Copywriters, are you committing these 7 deadly sins?

Writing for the web poses all sorts of hazards, from an overload of SEO to neglecting proofreading. Here’s how to identify—and avoid—these common missteps.

7 copywriting sins

Whether you’re working on your newsletter, blog, website or a social media caption, your efforts won’t much matter if the words on the screen alienate your audience.

Today’s readers demand copy that’s entertaining, engaging and educational; anything less will be ignored.

Here are seven common but damaging online writing sins to avoid:

1. Writing for a novel, and not the web.

Readers on the web approach text differently. They’re not here to cozy up with your piece of online copywriting and enjoy it sentence by sentence. (You get bonus points if they do.) They’re probably scanning it during a morning break or in the middle of meetings, maybe on their mobile phone on their commute, or waiting in line for coffee.

Their attention is strained, and often they shouldn’t work too hard at finding what they need, or they’ll get frustrated and look somewhere else. To cater to today’s readers, construct your articles like maps, and direct them to the information they need.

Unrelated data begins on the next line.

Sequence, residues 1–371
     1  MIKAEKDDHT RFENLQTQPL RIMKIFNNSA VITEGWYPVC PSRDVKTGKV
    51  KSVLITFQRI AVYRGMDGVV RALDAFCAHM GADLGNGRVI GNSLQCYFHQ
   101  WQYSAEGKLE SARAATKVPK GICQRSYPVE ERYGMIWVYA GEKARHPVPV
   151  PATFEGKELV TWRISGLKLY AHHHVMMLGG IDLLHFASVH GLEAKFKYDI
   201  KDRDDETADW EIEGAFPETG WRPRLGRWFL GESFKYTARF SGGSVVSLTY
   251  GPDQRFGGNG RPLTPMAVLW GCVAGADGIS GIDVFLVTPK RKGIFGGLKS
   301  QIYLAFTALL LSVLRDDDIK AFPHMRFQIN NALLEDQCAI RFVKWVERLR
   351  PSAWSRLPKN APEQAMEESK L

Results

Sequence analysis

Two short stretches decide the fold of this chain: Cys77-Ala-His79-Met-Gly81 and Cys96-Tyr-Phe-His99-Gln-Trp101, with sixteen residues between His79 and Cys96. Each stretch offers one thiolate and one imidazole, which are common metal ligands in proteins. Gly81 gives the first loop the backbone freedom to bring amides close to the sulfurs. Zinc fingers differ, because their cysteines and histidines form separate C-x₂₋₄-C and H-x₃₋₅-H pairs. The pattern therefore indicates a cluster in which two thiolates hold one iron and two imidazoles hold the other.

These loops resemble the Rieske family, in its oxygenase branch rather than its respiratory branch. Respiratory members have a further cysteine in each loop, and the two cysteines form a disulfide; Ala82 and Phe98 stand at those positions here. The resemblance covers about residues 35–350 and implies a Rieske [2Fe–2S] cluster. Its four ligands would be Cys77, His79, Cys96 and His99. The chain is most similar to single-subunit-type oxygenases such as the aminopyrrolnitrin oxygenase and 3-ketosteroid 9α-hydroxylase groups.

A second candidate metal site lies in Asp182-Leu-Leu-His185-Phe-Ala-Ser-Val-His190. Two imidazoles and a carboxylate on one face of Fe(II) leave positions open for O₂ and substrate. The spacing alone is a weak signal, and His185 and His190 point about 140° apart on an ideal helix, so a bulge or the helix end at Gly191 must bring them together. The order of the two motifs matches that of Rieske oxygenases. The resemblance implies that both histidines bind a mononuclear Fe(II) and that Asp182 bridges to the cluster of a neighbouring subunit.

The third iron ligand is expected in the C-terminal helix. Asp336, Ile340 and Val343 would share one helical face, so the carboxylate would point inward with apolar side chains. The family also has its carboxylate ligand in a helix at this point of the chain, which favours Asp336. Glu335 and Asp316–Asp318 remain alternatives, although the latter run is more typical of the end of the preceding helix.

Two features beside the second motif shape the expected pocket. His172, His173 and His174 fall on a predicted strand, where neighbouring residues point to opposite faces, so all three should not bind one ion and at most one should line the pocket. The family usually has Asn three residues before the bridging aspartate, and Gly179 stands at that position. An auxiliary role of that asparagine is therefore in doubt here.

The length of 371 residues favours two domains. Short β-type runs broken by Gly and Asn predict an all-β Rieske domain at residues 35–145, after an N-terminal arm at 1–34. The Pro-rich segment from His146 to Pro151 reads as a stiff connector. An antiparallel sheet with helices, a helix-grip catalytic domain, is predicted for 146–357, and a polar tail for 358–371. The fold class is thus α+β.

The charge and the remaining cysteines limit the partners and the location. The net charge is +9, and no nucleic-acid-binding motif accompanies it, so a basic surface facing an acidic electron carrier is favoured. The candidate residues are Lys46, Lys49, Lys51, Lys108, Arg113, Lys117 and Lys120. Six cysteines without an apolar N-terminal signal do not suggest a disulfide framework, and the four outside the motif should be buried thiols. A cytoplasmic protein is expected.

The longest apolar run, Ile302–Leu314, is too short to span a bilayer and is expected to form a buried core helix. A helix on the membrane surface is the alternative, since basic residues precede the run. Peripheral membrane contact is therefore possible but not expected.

• Use bullet points to highlight and summarize.
  • Keep your paragraphs short (two to five sentences).
  • Use headings and subheadings as signposts to where to find information.
  • Include infographics and pull quotes to draw attention to important information.

2. Sounding more keyword than human.

SEO used to be a quantity-as-good-as-quality game—the more keywords, the better—and if you had to sacrifice style to get a higher keyword density, so be it.

Algorithms keep changing, and keyword stuffing can hurt your SEO score.

There’s no golden rule as to what the perfect number  of keywords is, but overall, experts recommend having your keyword appear in your title (if it doesn’t sound awkward), your headings, and a few times in the body of your piece—the further up the page, the better.

3. Writing for yourself, and not your audience.

For marketers and copywriters, it’s easy to get excited about our own products and services. We know the ins and outs, the features, the great team behind the product, so it’s tempting to spend valuable real estate in an article waxing poetic about our company and our product.

In the consumer age, however, we have to keep everything about our messaging centered squarely on them. For example, your long-awaited version update is exciting to you, but it isn’t relevant to your customers by itself. How does it improve their lives? How does it solve a particular problem?

Luckily, getting into your customer’s mindset is a science. With some reading, some practice and making the effort to know and help your readers, you can start creating sales-generating copy.

Treat your articles like a first date. If you’re spending the entire time talking about yourself, and not making a real effort to get to know about the person you’re talking to, you’re probably not going on a second date.